I've heard it said that there is no rule for gender of nouns/verbs, and they are neutral. But others say that it is possible, such as vixen for fox.
How do I know which word to use in such cases?
The oldest form of the English language had grammatical gender, but lost it by the 13th century, except in pronouns: the only grammatical role played by gender today is determining what pronoun should be used to refer to an entity, and that is (with a very few exceptions, such as ships and countries) determined by “natural gender”. And even that distinction has been fading since the 1960s, when the feminist movement called attention to the discriminatory effect of using gendered pronouns.
We still deploy pronouns to distinguish between human and non-human, but where humans are involved we try strenuously to avoid distinguishing male and female except where that distinction is topical. In the same way, nouns which distinguish female and male animals (cow/bull, mare/stallion) are still safe to use, as are nouns which distinguish female and male people (woman/man, girl/boy) when the distinction is immediately relevant. But use of male terms to embrace both women and men is deprecated now—for instance, we are called upon to speak of humankind rather than mankind, of a mail carrier rather than a mailman.
The use of suffixes to distinguish female and male animal and agent nouns has largely vanished, too. Vixen is a rare survival from Old English, representing fox with the feminizing suffix -in and associated alteration of the stem vowel. Spinster is another such; it employs the feminizing suffix -ster. Both of these suffixes were lost in ME. There has been some tendency to use the suffix -ess, of French origin, in their place. A few common words (lioness, tigress) came directly from French, and are common; but the suffix has never been entirely nativized. Most agent noun derivatives (authoress, doctoress) have always felt slangy or affected, and the few which have entered common use—actress, for instance—are now distasteful to most of us.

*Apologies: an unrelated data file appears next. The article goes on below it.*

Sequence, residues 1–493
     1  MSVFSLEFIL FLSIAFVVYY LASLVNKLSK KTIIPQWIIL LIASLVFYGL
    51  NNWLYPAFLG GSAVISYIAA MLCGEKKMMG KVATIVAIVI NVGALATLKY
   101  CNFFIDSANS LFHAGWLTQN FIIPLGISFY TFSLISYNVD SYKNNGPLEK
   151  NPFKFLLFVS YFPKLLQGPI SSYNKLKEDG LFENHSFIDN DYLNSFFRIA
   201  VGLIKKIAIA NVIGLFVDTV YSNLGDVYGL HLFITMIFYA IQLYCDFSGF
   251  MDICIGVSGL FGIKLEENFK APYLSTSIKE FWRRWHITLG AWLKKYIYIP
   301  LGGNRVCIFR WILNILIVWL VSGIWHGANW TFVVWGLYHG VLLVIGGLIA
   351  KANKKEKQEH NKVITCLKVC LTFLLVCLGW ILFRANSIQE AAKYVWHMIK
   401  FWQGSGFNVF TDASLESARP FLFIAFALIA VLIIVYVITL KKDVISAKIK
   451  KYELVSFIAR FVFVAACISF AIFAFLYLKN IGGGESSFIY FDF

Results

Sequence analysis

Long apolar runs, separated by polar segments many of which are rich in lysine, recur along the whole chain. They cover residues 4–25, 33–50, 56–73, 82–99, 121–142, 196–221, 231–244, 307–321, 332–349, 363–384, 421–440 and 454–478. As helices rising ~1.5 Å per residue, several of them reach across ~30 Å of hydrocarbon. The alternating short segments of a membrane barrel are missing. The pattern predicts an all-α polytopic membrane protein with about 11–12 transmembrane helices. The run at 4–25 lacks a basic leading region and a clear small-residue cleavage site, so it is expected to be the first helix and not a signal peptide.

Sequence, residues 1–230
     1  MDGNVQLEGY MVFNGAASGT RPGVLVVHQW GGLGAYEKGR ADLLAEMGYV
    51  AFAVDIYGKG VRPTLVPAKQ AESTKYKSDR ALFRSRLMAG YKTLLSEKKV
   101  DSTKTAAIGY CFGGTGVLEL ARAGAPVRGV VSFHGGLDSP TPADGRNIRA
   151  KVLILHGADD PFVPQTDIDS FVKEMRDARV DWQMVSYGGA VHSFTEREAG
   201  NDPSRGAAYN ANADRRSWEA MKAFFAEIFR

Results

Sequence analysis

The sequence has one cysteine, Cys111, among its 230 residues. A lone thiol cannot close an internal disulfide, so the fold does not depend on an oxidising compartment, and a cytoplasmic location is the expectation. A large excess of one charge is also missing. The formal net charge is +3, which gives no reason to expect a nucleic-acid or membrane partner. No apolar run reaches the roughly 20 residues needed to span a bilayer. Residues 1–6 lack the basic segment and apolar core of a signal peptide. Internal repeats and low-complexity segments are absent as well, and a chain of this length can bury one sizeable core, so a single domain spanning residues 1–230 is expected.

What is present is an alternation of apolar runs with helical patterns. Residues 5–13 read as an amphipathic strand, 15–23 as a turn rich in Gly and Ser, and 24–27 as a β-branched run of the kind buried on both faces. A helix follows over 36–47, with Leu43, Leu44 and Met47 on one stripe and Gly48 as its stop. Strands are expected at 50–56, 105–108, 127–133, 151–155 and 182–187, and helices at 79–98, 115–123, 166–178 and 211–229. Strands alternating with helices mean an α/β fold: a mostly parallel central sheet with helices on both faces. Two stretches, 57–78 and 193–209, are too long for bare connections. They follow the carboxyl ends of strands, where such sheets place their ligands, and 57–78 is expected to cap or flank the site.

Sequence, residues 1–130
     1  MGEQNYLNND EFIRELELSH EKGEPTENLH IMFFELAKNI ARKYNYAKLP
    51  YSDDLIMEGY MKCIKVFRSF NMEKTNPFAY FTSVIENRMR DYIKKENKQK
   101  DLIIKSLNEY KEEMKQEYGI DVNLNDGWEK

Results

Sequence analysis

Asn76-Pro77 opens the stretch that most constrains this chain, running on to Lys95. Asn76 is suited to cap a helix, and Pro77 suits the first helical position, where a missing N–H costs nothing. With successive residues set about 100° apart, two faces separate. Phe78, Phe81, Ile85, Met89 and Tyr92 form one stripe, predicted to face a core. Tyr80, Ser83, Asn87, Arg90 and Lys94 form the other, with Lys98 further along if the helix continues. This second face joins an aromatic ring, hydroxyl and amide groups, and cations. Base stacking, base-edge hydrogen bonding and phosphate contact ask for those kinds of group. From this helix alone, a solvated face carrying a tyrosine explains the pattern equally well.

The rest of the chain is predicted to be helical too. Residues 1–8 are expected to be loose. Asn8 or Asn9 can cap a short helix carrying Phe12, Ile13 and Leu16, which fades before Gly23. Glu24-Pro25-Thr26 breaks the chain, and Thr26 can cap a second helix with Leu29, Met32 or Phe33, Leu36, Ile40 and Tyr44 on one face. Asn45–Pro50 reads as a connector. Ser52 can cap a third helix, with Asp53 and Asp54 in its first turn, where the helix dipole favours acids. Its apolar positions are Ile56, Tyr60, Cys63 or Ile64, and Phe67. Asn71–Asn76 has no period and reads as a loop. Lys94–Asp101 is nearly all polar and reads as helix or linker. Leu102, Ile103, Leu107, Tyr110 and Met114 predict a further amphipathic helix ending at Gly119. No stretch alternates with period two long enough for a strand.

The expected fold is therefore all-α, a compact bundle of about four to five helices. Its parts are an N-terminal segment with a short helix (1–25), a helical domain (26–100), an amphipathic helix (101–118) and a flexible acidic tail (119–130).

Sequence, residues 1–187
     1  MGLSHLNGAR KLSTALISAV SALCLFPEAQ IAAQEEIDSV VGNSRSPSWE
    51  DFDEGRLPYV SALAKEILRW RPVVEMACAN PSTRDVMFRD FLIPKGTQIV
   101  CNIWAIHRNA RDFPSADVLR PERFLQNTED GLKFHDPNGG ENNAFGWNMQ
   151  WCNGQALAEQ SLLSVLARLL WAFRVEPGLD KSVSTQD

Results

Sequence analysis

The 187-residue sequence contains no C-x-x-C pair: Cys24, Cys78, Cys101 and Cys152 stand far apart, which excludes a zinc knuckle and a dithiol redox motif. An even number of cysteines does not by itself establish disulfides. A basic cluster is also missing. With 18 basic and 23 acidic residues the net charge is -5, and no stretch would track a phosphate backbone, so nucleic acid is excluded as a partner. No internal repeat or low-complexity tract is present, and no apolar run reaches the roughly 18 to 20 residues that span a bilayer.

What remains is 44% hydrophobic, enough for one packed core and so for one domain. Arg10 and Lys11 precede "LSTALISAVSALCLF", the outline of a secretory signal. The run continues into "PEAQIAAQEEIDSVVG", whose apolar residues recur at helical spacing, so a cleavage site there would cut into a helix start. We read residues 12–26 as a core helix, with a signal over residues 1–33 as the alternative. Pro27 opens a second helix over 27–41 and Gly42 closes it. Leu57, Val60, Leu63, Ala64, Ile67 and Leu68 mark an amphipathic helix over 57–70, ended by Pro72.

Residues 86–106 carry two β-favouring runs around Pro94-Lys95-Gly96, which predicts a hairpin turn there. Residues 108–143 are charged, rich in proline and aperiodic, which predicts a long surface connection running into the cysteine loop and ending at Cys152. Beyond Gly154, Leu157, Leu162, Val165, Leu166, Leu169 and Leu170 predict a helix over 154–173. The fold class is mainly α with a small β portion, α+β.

A vixen is a specifically female fox. It is not the female term for a fox. A fox is a fox is a fox. A vixen is a female fox. Just like a woman is a female human.
There are no genders for nouns and verbs in English like in other languages, unless you are specifically referring to a male or female species.
Nouns are only gendered if they refer to something gendered (and not necessarily then).
Some examples of when they are:
Nouns themselves changing
Gender of the pronoun you'd use to replace it
I can't think of any examples of verbs being gendered.